Russian offered to send prostitutes to Trump's hotel room


Campaign trail eats for Donald Trump have carried over into the White House

U.S. President Donald Trump's bodyguard, who was with him during a 2013 trip to Russian Federation, reportedly told the House Intelligence Committee that he denied an offer to send "five women" to Trump's hotel room. But Schiller said the offer did not come from Agalarov himself, the sources said, disputing the Daily Caller report on that matter.

One source noted that Schiller testified he eventually left Trump's hotel room door and could not say for sure what happened during the remainder of the night.

Schiller insisted that he and Trump laughed about the offer as they left, and that he guarded the mogul's hotel room for the rest of the day before going to bed.

When the Russians sent "five women" to have a very private meeting with Donald Trump during the Miss Universe Pageant trip, the bodyguard Schiller replied bluntly, "We don't do that type of stuff".

Appearing before the House Intelligence Committee, Schiller, numerous sources told NBC on Thursday, described a 2013 incident that made such a scenario if not likely, then at least plausible.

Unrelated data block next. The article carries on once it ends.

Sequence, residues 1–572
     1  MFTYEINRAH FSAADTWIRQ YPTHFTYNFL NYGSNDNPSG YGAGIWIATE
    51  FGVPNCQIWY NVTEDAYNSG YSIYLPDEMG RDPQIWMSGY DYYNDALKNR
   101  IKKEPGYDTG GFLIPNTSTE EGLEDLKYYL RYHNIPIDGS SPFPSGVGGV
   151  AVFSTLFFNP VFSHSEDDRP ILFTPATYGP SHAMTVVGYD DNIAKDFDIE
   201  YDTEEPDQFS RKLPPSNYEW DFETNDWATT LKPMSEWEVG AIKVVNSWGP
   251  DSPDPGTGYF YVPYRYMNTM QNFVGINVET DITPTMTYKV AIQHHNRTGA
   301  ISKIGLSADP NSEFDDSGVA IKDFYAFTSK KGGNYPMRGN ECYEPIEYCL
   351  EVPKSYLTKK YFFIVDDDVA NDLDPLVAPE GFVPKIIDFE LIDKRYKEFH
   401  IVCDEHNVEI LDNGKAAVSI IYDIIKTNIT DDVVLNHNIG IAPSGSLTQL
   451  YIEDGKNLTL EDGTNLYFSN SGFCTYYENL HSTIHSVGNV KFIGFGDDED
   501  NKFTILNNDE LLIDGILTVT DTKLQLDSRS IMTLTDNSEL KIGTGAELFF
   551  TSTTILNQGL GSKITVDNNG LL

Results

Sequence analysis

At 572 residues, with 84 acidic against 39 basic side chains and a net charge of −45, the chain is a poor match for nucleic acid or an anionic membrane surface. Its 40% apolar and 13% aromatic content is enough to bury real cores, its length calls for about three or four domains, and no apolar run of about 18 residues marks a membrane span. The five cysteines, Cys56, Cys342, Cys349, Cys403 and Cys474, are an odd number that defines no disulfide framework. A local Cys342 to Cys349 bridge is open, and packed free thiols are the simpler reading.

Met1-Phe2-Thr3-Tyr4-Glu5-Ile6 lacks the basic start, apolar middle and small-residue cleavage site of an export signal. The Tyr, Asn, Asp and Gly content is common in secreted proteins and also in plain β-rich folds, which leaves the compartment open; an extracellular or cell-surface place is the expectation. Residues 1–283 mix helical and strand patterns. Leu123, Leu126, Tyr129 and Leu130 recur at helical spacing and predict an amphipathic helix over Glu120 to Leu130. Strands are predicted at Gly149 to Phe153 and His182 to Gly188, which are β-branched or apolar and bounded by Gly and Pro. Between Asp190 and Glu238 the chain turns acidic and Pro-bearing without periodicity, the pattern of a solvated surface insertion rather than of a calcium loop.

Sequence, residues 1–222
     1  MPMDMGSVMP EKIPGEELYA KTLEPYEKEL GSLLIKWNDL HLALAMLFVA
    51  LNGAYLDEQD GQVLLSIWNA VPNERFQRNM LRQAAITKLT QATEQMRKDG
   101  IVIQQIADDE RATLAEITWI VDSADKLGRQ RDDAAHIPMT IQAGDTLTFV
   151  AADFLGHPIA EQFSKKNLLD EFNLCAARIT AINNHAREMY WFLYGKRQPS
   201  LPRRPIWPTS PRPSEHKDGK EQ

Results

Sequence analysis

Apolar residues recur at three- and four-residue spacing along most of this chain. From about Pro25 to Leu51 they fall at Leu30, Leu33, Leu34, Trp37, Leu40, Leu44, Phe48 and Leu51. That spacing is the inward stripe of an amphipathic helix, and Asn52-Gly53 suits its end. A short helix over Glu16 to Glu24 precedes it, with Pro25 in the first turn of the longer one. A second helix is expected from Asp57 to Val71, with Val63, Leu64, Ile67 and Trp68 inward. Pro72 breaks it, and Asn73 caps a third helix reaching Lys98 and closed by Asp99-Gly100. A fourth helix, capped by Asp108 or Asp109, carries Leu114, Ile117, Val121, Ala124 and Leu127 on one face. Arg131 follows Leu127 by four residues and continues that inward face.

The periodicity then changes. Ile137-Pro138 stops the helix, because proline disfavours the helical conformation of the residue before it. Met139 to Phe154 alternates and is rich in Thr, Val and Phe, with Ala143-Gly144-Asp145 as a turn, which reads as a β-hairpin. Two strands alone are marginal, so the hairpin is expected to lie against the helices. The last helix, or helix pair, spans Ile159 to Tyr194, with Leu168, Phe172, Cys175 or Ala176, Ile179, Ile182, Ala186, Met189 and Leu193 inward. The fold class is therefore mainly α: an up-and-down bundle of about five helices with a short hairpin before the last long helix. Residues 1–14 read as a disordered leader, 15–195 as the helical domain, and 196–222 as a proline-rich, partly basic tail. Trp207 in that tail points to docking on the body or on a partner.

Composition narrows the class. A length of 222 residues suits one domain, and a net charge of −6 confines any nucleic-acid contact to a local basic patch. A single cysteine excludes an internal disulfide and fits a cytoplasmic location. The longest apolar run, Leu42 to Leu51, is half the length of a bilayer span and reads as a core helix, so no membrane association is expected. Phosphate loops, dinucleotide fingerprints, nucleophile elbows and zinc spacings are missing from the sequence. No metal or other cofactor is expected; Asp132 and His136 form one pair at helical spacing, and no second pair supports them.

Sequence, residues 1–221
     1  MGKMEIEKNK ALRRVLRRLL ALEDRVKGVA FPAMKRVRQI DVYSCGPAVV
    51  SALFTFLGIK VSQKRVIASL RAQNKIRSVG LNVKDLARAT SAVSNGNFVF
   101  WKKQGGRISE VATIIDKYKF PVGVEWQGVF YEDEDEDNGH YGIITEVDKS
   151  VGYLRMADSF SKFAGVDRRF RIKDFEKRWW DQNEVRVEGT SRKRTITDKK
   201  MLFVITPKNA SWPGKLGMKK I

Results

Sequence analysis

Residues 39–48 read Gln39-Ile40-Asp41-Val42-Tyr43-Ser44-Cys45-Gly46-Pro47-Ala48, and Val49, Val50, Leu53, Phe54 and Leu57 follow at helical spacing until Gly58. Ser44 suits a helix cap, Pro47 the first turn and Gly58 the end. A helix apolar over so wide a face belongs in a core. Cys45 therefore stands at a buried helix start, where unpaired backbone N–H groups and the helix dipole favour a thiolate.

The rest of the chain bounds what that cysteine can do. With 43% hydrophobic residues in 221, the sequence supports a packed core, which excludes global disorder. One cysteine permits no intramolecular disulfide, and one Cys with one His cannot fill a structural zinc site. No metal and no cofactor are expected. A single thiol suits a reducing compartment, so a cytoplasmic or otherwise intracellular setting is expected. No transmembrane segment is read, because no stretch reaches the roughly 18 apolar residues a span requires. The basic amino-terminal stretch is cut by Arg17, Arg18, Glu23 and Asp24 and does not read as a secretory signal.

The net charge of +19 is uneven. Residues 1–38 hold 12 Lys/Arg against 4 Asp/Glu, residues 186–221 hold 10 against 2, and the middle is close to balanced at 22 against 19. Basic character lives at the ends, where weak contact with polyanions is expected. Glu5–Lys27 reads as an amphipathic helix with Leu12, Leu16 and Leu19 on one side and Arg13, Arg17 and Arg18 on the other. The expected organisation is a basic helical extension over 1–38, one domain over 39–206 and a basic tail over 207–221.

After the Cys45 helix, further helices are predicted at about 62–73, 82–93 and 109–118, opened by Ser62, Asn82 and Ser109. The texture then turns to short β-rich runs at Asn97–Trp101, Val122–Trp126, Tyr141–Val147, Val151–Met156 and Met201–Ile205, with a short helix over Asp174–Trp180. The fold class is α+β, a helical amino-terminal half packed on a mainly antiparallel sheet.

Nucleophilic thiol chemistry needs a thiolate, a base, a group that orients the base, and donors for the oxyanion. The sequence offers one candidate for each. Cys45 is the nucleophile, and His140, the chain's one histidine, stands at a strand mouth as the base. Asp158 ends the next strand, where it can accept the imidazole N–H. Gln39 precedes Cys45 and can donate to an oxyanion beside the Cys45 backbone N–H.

These allegations were found in the dirty dossier, intelligence gathered by former British intelligence officer Christopher Steele, which was opposition research partially financed by an unnamed Republican, along with Hillary Clinton's campaign and the Democratic National Committee.

The House Intelligence Committee is investigating Russian meddling in the 2016 election. The two men laughed about it before Trump went to bed.

Keith Schiller, deputy assistant to the president and director of Oval Office operations, talks to President Donald Trump during a ceremony on the South Lawn of the White House in Washington, D.C., on June 12, 2017.

According to sources with direct knowledge of Schiller's four-hour long testimony before the House Intelligence Committee, the former director of Oval Office operations adamantly rejected numerous allegations made in a collection of explosive memos written by Christopher Steele, a veteran British spy, alleging ties between the Trump campaign and Russian Federation.

"This conduct is indefensible and calls into question the credibility and motives of the Committee's investigation", attorney Stuart Sears said of the leaks.

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